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Sundar Pichai and Google Now: how Google's mobile assistant has changed over the years
It wasn’t too long ago that Larry Page, now CEO of Google’s parent company Alphabet, announced that Sundar Pichai would follow in his footsteps and take over as the new CEO of Google. Before the big announcement, if you asked almost anyone who they thought would be a worthy successor to Page, most folks out there would tell you Sundar Pichai is the obvious answer – and that’s for good reason. Sundar Pichai has been the Senior Vice President of Android, Chrome and apps at Google for some time, and was just appointed as “czar” of all Google’s major products, including ads, Search, research, Google+, Maps, commerce and infrastructure last year. He’s done some amazing work with Android over the years, which is why his new position as top dog makes perfect sense.
One of the biggest developments Android has seen since the start is the addition of Google Now, the company’s big initiative to feed users relevant information at the right time. Now launched way back at Google I/O 2012 alongside Jelly Bean, which was largely backed by Page at the time. In fact many Googlers have said Now fits in closely with Page’s vision of a future with more intelligent, seamless computing. According to a former Now engineer, “[Page] would open up every single all-hands [meeting] with Google Now.”
Page began stepping away, though, when he began to really focus on the bigger picture. Around this time, according to multiple sources, SVP of search Amit Singhal requested that Google Now should be moved into his division and out of the Android division. But according to multiple sources from Re/code, several Google engineers objected because the service makes much more sense living inside Android as opposed to search. After all, Now is a mobile assistant tailored to particular users, so it makes sense to keep the product inside the Android division.
Pichai ended up approving Singhal’s request to move Now into a new division. Around this time, search began producing less and less revenue as mobile application usage increased, so the company began integrating app indexing into Now to help bring back some revenue. With the move from Android into search, some Now engineers raised their concerns to Pichai. In response to these concerns, Pichai reportedly explained:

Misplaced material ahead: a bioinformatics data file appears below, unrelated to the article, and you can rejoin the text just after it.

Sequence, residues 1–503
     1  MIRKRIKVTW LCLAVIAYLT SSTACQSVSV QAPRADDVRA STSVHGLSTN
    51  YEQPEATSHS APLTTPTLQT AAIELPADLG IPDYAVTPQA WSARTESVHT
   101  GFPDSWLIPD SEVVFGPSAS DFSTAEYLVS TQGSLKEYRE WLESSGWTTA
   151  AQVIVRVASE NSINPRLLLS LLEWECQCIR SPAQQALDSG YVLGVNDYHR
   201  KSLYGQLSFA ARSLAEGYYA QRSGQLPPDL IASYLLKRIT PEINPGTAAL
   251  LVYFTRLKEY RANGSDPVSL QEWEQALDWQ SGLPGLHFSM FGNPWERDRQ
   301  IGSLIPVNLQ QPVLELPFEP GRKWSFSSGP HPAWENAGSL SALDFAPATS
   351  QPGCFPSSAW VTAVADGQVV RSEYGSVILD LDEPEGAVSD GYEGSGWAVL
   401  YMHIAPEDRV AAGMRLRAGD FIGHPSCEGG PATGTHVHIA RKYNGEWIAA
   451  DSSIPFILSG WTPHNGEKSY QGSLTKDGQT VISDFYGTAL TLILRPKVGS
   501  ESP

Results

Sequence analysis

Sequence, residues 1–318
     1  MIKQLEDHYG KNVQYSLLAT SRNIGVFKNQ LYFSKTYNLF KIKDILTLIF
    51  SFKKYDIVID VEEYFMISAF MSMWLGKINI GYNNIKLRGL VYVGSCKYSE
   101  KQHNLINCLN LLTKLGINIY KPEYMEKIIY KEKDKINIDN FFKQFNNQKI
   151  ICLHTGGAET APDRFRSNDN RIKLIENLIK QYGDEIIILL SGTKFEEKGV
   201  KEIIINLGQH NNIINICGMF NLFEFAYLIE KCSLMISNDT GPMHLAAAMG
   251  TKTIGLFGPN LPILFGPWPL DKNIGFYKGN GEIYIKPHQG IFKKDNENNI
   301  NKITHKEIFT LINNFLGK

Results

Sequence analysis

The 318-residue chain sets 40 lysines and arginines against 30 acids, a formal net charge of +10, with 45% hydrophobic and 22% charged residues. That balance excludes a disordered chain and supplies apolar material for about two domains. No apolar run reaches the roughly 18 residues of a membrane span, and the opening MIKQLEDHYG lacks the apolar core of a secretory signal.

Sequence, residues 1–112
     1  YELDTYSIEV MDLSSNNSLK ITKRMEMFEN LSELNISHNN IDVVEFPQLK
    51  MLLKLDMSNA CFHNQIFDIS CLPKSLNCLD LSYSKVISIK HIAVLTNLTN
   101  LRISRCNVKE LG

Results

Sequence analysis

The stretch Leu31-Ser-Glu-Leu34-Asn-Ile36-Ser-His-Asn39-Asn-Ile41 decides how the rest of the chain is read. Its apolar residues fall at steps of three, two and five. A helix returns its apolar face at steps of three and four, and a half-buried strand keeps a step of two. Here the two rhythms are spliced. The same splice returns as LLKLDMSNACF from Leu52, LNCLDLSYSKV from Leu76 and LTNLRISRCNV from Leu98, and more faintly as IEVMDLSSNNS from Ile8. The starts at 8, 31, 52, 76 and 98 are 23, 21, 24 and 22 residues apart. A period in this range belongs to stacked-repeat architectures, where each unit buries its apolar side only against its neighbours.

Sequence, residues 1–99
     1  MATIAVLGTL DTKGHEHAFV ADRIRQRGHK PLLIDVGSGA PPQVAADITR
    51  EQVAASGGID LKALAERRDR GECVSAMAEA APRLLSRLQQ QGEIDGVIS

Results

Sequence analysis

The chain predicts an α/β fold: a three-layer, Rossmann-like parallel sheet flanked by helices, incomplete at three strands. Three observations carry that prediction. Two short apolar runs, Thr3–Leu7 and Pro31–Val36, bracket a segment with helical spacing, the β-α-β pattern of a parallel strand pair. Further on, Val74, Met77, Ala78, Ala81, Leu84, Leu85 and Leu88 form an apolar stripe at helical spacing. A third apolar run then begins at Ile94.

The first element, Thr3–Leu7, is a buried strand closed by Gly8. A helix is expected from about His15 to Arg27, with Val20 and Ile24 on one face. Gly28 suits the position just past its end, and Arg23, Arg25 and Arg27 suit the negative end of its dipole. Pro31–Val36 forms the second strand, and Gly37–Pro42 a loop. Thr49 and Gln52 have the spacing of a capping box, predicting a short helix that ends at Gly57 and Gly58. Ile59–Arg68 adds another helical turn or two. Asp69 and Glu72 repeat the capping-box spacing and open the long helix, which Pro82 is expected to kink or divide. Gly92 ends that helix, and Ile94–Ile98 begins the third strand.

Look, I’ve got a lot on my plate. Chrome and Android are my top priorities. Google Now is not on that. I can’t fight that battle for you.
The newest addition to Google Now is a feature called Now on Tap, which was just announced at I/O 2015 back in May. Now on Tap will be available when Android 6.0 Marshmallow launches to the public, and will be able to give you information when you need it without having to exit what you’re doing. With a simple long press of the home button, Google will scan what’s currently on your screen and pull up relevant information about what it thinks you’re looking for. This will make for easier Google searches, which is, after all, what the company wants most from users.
It’s no secret that Now on Tap will be huge for Android. But even though the feature is almost ready to roll out to Android devices around the world, Google isn’t the first to come up with this breakthrough software experience. Just four days ago, Microsoft announced that its Bing app for Android was receiving a big update, which would bring a similar feature to Android devices. The new feature, dubbed Snapshots, works exactly like Now on Tap – a long press of the home button pulls up a page that aims to bring you relevant information without making you exit your current application.
Microsoft isn’t the only company jumping on this train. Recently, Apple announced a new feature of iOS 9 called Proactive Assistant that aims to give users relevant information when they want it.
Competition isn't the only major hurdle the company is facing with Google Now
Whether the general public shares the same opinions as the now-former Now engineers remains unclear, but what’s obvious is the fact that Google is changing, and it always will. These big changes won’t come without their major hurdles, but that’s par for the course for any new CEO taking over a big company like Google. It’s clear that these next few years will be crucial for Pichai and Google as a whole, and the Google that exists today will probably be widely different from the company we see five years down the road.
With all of that said, are you a fan of Google Now in its current form? Or would you rather see the product as more of a personal voice assistant, similar to Siri or Cortana?